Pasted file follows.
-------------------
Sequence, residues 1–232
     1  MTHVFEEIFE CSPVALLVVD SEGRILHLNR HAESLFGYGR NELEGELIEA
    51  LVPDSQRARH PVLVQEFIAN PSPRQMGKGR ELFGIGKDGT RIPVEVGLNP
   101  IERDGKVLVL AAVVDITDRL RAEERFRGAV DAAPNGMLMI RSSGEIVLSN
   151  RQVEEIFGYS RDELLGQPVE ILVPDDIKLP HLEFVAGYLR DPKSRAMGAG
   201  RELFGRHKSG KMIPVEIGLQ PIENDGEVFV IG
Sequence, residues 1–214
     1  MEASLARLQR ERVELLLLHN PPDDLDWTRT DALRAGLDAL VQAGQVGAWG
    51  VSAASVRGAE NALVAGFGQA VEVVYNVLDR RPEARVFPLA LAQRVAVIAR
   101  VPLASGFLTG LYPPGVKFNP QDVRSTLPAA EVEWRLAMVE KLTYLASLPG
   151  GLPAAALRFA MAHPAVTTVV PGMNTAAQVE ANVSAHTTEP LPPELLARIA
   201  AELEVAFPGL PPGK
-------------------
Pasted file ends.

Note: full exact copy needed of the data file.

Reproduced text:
Sequence, residues 1–232
     1  MTHVFEEIFE CSPVALLVVD SEGRILHLNR HAESLFGYGR NELEGELIEA
    51  LVPDSQRARH PVLVQEFIAN PSPRQMGKGR ELFGIGKDGT RIPVEVGLNP
   101  IERDGKVLVL AAVVDITDRL RAEERFRGAV DAAPNGMLMI RSSGEIVLSN
   151  RQVEEIFGYS RDELLGQPVE ILVPDDIKLP HLEFVAGYLR DPKSRAMGAG
   201  RELFGRHKSG KMIPVEIGLQ PIENDGEVFV IG
Sequence, residues 1–214
     1  MEASLARLQR ERVELLLLHN PPDDLDWTRT DALRAGLDAL VQAGQVGAWG
    51  VSAASVRGAE NALVAGFGQA VEVVYNVLDR RPEARVFPLA LAQRVAVIAR
   101  VPLASGFLTG LYPPGVKFNP QDVRSTLPAA EVEWRLAMVE KLTYLASLPG
   151  GLPAAALRFA MAHPAVTTVV PGMNTAAQVE ANVSAHTTEP LPPELLARIA
   201  AELEVAFPGL PPGK